Let the grass go

I just read about the school district asking if it should spend money to buy water to keep the grass green on the playing fields. EMPHATICALLY NO!

In fact, I am wondering about the ethical use of non-potable water on my garden plants. The last I heard there is a severe shortage of all sorts of water, not simply the nice, clean, drinking water. Should we not reserve the non-potable water for fire fighting and agricultural use? The non-edible plants and flowers can all die for all I care. I need food to sustain life and agriculture needs water.

In my home we do not flush as often and the dish-rinsing water is saved to water the plants. I have not yet learned how to save the dish washer and washing machine water. There must be a way to do it and I will find out.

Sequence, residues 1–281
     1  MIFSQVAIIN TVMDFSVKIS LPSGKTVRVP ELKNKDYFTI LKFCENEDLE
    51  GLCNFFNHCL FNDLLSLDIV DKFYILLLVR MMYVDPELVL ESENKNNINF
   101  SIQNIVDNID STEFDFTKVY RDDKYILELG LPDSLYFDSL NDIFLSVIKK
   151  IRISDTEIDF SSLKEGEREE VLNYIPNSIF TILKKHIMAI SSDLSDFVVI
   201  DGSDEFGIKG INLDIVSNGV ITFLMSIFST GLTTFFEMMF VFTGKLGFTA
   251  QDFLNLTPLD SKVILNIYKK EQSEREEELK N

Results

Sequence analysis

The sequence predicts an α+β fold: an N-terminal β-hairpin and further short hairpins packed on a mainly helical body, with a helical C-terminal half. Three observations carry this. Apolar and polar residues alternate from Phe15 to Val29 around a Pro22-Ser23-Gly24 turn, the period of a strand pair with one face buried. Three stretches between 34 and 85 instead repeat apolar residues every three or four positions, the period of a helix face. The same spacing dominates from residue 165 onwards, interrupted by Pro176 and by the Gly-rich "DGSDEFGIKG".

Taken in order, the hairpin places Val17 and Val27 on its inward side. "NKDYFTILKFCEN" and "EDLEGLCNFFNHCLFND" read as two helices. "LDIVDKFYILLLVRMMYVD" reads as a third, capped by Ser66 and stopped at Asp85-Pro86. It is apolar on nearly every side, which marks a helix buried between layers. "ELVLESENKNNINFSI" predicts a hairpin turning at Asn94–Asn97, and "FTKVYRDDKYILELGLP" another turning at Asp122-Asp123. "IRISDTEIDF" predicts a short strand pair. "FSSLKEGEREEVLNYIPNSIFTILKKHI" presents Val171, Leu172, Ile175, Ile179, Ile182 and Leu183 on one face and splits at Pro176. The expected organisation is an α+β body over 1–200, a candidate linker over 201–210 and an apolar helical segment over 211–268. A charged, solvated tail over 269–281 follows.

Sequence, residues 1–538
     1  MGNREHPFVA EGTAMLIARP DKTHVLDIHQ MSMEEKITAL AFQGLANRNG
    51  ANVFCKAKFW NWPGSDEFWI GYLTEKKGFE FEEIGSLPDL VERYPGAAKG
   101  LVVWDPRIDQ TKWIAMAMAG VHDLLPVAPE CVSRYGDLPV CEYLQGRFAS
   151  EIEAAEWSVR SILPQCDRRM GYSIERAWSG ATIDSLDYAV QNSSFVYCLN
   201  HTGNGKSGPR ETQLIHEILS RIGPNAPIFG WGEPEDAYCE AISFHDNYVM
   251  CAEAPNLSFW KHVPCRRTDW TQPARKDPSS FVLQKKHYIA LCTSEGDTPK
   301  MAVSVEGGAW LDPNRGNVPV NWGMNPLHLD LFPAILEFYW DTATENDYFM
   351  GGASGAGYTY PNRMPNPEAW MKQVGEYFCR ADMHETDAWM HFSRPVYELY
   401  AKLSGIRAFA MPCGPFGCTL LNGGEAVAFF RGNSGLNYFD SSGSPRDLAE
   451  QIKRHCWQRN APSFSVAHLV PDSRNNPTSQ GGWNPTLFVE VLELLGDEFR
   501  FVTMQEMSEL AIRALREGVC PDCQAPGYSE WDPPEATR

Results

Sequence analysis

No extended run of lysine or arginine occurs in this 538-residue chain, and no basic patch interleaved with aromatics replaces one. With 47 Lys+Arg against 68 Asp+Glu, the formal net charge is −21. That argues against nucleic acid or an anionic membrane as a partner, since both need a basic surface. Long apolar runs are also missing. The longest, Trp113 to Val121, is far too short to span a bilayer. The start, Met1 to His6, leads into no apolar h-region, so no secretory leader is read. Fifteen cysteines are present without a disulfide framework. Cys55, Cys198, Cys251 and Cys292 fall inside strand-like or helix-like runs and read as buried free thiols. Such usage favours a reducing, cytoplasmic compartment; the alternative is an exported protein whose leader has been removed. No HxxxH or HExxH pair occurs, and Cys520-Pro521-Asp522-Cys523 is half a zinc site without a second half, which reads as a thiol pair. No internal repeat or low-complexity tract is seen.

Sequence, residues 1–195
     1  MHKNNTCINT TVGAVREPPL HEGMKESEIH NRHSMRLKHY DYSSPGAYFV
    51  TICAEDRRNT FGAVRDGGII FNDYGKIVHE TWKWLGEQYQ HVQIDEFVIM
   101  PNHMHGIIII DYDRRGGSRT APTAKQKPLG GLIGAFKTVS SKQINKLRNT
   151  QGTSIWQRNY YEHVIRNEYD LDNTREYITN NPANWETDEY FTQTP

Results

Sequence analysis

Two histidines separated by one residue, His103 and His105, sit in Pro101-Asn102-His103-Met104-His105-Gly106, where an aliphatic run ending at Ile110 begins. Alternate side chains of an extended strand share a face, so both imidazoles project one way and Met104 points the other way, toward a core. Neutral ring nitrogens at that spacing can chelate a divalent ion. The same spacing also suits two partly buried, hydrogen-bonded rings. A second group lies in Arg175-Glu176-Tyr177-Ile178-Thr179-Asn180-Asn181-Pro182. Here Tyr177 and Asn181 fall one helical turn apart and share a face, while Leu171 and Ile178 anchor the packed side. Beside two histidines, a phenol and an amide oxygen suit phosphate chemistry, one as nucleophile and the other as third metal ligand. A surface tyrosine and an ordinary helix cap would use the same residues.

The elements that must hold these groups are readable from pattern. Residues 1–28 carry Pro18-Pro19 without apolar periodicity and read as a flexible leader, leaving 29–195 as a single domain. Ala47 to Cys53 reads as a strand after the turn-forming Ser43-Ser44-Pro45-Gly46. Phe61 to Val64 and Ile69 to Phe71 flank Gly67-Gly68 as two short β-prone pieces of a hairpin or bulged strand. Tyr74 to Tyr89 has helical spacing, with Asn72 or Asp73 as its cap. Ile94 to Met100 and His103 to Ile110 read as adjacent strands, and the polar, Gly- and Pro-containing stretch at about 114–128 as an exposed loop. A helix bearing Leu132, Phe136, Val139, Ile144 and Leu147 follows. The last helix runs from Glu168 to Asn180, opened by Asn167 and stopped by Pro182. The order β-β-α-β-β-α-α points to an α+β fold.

Bert Etling’s report of the CCSD meeting was quite interesting and informative but certainly not the final official report. I assume, and sincerely hope, that the CCSD will communicate with us via U.S. Mail and/or email to report the final decisions.

Alan S. Doctor


Why not change?

It’s all too obvious why, despite the numerous climate-related catastrophes we have experienced in the past few years (and continue to experience), global corporations and powerful individuals, in order to protect their own self-interests and profits, would deny that human activity is to blame, and do everything within their power to influence public opinion against anything that might undermine their bottom-line.

But why do otherwise responsible individuals continue to act as if human activity makes no difference?

Though one might attribute climate-change to God’s will, or cyclical anomalies, or fate or chance, still one might expect that a responsible individual would consider the POSSIBILITY that human activity is a contributing factor. We see the catastrophic results of human behavior in so many other fields, from economics to politics and religion. Why is climate-change considered so different?